The Burden of Reductionistic Thinking

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Subtle investigator bias resulting from dichotomous thinking about mental health interventions is but one complicating factor that has led to com bined treatments being understudied. Another factor that has significantly influenced research patterns has been the quest to identify, with increasing specificity, "cures" for mental disorders. This search represents something of a conundrum, which can be outlined in broad strokes as follows: Psychological distress is a heterogeneous and nonspecific concept, and its experience is unique to each sufferer. One can define, albeit in rather nebulous terms, some of the features that separate one form of psychological distress from another, but it remains true that most people with schizophrenia, or most depressed patients, share in common only the most obvious features of their diagnoses. Nevertheless, the aim of much of mental health research in the past 50 years has been to search for increasingly specific remedies. We are therefore placed in the awkward position of positing molecular cures for molar concepts that are heterogeneous, nonspecific, and experienced in an absolutely unique manner by each sufferer.

The past 50 years of mental health research has led to the successful development of many specific pharmacological and psychological treatments that have improved patient outcomes (Michels, 1999). At least in the short term, specific pharmacological interventions do assist many patients in coping with the more disabling aspects of their illness, sometimes dramatically so. Yet there is also evidence that these increasingly specific results do not translate into lasting improvement. Rates of successful treatment for schizophrenia have not appreciably changed in the past 100 years (Hegarty, Baldessarini, Tohen, Waternaux, & Oepen, 1994), despite the synthesis of effective antipsychotic drugs. New-generation antidepressants, such as the serotonin reuptake inhibitors, have not resulted in improved long-term remission rates, neither have increasingly specific psychological treatments. In the well-known (if not overstudied) Treatment of Depression Collaborative Research Project (Elkin et al., 1989), recovery rates at 18-month follow-up did not differ among any treatment. Recovery ranged from 19% for clinical management plus imipramine to 30% for cognitive-behavior therapy (CBT; Jacobson & Hollon, 1996), a less-than-splendid showing for any treatment. To a large extent, then, specificity and success do not correlate well.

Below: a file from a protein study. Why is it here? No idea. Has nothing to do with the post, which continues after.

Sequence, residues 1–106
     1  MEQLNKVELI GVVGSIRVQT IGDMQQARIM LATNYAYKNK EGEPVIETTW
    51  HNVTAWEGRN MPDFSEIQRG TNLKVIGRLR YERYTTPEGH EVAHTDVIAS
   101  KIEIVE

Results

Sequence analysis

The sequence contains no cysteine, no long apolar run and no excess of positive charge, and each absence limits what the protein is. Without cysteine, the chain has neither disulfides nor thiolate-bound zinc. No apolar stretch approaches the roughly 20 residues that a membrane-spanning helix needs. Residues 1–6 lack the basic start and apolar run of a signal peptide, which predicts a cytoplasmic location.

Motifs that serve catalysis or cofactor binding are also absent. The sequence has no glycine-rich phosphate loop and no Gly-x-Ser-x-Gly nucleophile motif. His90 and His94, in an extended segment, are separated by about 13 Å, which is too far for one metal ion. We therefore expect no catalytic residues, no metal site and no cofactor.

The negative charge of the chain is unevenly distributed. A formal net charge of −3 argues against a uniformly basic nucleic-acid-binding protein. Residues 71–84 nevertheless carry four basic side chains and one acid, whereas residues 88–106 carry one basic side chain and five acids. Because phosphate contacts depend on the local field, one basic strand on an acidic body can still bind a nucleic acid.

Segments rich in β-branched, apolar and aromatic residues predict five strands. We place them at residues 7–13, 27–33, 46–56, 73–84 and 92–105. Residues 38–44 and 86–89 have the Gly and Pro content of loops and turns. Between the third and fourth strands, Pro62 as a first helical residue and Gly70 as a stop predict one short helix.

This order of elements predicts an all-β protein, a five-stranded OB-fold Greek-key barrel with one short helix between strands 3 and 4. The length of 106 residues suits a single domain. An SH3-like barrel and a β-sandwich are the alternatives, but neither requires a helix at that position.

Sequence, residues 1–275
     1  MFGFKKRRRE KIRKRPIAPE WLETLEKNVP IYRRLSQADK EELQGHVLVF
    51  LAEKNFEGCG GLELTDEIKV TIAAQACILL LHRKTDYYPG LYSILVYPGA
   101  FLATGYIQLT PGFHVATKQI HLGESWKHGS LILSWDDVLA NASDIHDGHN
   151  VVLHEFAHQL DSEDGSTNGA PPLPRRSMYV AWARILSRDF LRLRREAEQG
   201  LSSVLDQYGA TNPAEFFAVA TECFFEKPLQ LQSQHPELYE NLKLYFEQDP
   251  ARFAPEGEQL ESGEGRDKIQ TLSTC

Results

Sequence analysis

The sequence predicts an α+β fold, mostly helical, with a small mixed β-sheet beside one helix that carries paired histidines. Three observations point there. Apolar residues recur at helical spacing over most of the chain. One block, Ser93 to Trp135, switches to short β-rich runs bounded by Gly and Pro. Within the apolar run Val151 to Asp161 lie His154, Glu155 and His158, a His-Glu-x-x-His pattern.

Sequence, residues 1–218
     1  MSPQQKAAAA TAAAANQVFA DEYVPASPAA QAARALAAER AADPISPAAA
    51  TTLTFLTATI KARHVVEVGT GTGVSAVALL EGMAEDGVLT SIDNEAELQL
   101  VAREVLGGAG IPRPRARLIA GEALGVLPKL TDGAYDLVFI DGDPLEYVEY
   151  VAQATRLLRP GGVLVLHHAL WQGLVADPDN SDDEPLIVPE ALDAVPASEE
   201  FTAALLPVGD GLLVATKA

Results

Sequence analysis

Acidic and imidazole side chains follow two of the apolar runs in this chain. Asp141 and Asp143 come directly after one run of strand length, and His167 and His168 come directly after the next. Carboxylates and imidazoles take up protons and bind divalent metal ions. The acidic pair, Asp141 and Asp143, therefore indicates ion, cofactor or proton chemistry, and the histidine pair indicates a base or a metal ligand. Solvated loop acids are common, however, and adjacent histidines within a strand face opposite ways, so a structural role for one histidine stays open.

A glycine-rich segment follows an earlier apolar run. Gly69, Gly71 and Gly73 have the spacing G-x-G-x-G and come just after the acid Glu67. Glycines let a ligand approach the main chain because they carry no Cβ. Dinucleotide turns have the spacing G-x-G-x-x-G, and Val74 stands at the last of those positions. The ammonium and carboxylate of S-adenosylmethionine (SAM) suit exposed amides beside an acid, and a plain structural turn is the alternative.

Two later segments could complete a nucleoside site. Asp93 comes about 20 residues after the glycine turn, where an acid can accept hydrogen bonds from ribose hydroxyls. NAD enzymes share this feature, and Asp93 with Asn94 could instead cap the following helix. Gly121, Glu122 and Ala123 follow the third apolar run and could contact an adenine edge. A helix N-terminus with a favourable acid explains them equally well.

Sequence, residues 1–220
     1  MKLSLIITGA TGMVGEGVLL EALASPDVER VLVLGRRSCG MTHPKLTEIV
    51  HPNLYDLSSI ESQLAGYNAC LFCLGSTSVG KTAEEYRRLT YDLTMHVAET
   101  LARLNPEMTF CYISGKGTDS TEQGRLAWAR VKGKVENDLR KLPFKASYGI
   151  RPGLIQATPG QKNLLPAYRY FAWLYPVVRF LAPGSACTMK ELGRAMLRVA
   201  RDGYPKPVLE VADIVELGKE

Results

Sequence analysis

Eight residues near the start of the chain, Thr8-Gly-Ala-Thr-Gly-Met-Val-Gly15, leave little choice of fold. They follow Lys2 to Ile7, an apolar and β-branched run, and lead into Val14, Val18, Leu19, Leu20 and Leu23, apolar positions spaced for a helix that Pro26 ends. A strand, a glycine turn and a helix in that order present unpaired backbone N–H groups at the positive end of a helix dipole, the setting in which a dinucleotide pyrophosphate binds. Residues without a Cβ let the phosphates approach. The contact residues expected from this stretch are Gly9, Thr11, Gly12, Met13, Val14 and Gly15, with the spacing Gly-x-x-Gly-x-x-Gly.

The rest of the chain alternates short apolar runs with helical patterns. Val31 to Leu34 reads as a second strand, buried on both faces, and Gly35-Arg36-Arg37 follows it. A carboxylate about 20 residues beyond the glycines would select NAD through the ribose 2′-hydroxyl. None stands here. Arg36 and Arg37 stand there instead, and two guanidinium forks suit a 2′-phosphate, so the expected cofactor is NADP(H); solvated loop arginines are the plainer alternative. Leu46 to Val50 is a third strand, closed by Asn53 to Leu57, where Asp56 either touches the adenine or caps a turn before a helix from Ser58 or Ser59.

Paradoxically enough, increasing the specificity of treatment has constrained our ability to perform certain types of research. Because one can demonstrate the success of specific treatments in short-term (although rarely in long-term) outcome studies, we have greater difficulty justifying the application of combined treatments. Essentially, the issue is the ability to justify a more complex, possibly more expensive treatment when simpler and cheaper remedies have been shown to be of utility. Is it ethical to impose unproven, costlier combinations on patients when less complicated alternatives, already shown to be of value, exist? This question is subject to considerable debate and arises in numerous examples throughout this chapter.

The issue of specificity pertains to diagnoses as well as treatment. It is a grave error to assume that, once having made a Diagnostic and Statistical Manual of Mental Disorders—type (DSM) diagnosis, the treatment becomes uniform. Hohagen et al. (1998) demonstrated, for example, that patients with DSM-I1I-R (American Psychiatric Association, 1987) obsessive—compulsive disorder (OCD) did best with unimodal therapy (behavioral treatment) if their symptoms were primarily compulsive but did best with combined medication and behavior treatment if their symptoms were primarily obsessive. Along similar lines, Wells and Sturm (1996) found that addition of minor tranquilizers to antidepressant therapy did nothing to improve outcomes in the treatment of major depressive disorder. Yet it is clear that a subset of patients with major depression present with significant anxiety symptoms. When these symptoms are appropriately managed with a short-term course of benzodiazepines, outcome is improved (Buysse et al., 1997; Smith, Londborg, Glaudin, & Painter, 1998).

This introduction should remind the reader that in spite of the high prevalence of combined treatment in clinical practice our knowledge of combined treatments is poor. They may not work as well as single-modality treatments for some disorders; they may provide more rapid or lasting relief in others. Because combined treatments are often not supported by the current literature, clinicians should be circumspect in devising such treatments for their patients. At the same time, clinicians should be careful to balance the needs of individual patients against the results of large-scale studies or meta-analyses, for these are poor predictors of individual response in the clinical setting (cf. Klein, 1998). For most conditions, single-modality treatments should be attempted before combined treatments are implemented and, for all conditions for which it has found to be effective, psychosocial treatment should be included in the treatment plan.

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